Wife of “South Park” Threat Maker Charged.

Halkaan ka akhri

The wife of the Virginia man who was arrested in July after allegedly threatening the creators of the television show “South Park” and trying to a join a terrorist group in Somalia is being charged with a federal offense herself.

Proscovia Kampire Nzabanita made false statements to investigators, according to charging documents filed in U.S. District Court for the Eastern District of Virginia.

Her husband, 20-year-old Zachary Chesser, was arrested over the summer for allegedly trying to join the Al Qaeda-linked group Al Shabab in Somalia. Nzabanita is not currently in custody, according to a Justice Department official.

The FBI and others conducted a months-long investigation into at least two alleged attempts by Chesser to join Al Shabab, which has been fighting to establish a strict Muslim state in Somalia and has pledged its allegiance to Usama bin Laden.

Authorities charged Chesser with providing material support to a terrorist group.

His wife is believed to be the woman in a full burqa at a post-arrest hearing in Alexandria, Va. The woman declined to speak to media at the time, her eyes welling with tears.

During the FBI’s investigation, agents found a “hand-written document” titled “How to Destroy the West,” Justice Department lawyer John Gibbs told the presiding judge at the time. The document, allegedly written by Chesser, discussed ways of attacking the United States and other countries, including cyber-attacks, vehicles filled with explosives, and the bio-agent ricin, Gibbs said.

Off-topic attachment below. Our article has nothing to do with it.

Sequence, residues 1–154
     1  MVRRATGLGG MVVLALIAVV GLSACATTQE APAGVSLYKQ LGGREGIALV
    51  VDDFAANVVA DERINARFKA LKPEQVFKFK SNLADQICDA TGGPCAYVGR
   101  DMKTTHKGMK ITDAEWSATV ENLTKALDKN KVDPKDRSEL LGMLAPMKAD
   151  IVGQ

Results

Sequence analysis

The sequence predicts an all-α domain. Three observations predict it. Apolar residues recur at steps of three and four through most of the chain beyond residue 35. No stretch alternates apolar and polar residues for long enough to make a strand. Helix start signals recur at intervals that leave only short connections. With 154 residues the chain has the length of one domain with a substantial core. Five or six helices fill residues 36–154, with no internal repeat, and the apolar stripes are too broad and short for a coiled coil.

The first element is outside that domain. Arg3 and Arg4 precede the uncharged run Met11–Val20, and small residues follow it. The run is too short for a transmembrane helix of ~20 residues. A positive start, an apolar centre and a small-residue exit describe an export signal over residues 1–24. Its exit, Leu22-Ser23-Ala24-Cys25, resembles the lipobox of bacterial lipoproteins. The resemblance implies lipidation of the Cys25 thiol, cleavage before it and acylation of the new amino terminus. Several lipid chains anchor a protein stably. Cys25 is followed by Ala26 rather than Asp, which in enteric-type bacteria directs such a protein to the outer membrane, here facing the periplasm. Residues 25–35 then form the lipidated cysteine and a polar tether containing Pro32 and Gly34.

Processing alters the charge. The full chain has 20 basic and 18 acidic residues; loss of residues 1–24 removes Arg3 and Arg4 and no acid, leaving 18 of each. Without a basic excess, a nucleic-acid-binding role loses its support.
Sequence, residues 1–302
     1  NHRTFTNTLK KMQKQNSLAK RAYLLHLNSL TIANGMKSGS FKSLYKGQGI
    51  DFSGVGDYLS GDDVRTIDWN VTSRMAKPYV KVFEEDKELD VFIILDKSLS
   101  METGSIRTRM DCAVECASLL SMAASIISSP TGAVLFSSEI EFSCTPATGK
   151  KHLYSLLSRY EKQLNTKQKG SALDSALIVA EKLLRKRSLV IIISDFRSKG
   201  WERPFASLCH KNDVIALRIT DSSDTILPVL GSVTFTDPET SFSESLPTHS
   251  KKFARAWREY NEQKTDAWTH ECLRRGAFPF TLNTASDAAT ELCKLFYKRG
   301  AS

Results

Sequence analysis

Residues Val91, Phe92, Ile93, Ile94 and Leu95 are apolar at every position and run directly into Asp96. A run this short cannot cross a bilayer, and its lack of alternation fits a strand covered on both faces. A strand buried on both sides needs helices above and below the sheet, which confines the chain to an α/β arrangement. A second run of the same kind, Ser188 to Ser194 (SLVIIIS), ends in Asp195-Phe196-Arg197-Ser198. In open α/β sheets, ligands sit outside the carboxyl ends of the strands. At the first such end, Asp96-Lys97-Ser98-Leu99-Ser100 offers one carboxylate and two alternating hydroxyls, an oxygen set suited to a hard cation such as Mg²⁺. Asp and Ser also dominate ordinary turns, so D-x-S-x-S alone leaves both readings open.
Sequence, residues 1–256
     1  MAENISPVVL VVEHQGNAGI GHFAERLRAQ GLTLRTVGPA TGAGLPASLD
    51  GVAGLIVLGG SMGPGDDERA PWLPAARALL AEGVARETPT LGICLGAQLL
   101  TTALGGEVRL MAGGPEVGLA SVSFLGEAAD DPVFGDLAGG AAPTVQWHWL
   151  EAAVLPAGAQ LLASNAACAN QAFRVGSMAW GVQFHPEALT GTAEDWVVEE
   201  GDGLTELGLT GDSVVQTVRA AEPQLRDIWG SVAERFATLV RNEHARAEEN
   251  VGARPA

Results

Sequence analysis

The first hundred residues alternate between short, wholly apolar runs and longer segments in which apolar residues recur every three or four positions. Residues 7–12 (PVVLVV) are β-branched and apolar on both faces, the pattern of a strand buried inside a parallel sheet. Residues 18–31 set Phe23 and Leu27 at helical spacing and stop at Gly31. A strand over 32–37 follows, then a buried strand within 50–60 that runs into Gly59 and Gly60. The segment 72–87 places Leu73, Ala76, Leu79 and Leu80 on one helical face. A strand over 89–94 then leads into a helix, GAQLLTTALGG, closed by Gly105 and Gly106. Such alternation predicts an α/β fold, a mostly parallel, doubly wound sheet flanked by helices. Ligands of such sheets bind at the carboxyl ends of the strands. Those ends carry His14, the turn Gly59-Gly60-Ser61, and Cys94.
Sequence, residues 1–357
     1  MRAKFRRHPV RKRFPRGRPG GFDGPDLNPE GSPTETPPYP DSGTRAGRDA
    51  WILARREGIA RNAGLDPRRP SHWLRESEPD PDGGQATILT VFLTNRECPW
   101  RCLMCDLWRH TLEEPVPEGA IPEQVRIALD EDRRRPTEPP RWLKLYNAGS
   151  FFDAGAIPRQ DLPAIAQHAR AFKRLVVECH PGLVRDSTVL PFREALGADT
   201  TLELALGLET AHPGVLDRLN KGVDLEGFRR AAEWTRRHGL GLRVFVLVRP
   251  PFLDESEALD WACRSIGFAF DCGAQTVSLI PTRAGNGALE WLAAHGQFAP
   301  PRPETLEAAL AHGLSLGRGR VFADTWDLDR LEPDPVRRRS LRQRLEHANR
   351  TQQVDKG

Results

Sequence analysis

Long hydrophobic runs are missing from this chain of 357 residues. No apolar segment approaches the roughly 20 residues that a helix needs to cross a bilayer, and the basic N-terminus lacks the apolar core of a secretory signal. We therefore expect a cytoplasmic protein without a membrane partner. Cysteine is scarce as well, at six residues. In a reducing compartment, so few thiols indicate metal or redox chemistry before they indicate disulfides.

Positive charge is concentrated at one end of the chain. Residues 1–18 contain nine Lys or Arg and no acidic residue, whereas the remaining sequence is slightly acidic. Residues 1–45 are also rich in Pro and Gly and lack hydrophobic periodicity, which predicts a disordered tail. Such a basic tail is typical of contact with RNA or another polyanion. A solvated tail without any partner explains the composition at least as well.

In addition, Chesser communicated several times with Anwar Awlaki, the U.S.-born cleric tied to several recent terrorist plots inside the United States, prosecutors said. He also posted an array of “extremist” videos, “jihad propaganda” and other potentially dangerous materials online, including a leaked version of sensitive Transportation Security Administration guidelines and a message suggesting the creators of the show “South Park” could face death for their depiction of the prophet Mohammed, according to prosecutors.

“He represents a very real danger either here in the United States or overseas with the information he’s able to disseminate,” Gibbs told U.S. Magistrate Judge Ivan Davis in July. “For the past year, this defendant’s job has been writing about, talking about and preparing for jihad overseas.”

During several interviews with the FBI, Chesser — also known as “Abu Talhah Al-Amrikee” — told agents he tried to go to Somalia at least twice to join Al Shabab as a “foreign fighter,” according to prosecutors.

On July 10, he and his infant son were prevented from boarding a flight from New York to Uganda because Chesser was on the “no fly” list. Chesser told FBI agents he hoped his son would act as a “cover” for his travels, prosecutors said.
Chesser “effectively confessed” to the charges against him, Gibbs told Davis in July.

After his arrest, Chesser also told U.S. agents he wanted to help the FBI in their fight against terrorism, according to federal prosecutors and the man’s own defense attorney.
On the day of his arrest, Chesser told FBI agents he was “willing to assist the FBI with a few things,” but in exchange he wanted the FBI to send him overseas, possibly to East Africa, Gibbs said at the time.

Public defender Michael Nachmanoff acknowledged that Chesser talked about “potentially working for” or “working with” the FBI.

Chesser and Nzabanita, originally from Uganda, married in 2009. A spokesman for the U.S. Attorney’s Office in Alexandria declined to comment beyond what’s in court papers filed early Monday.

Source: Liveshots.blogs.foxnews

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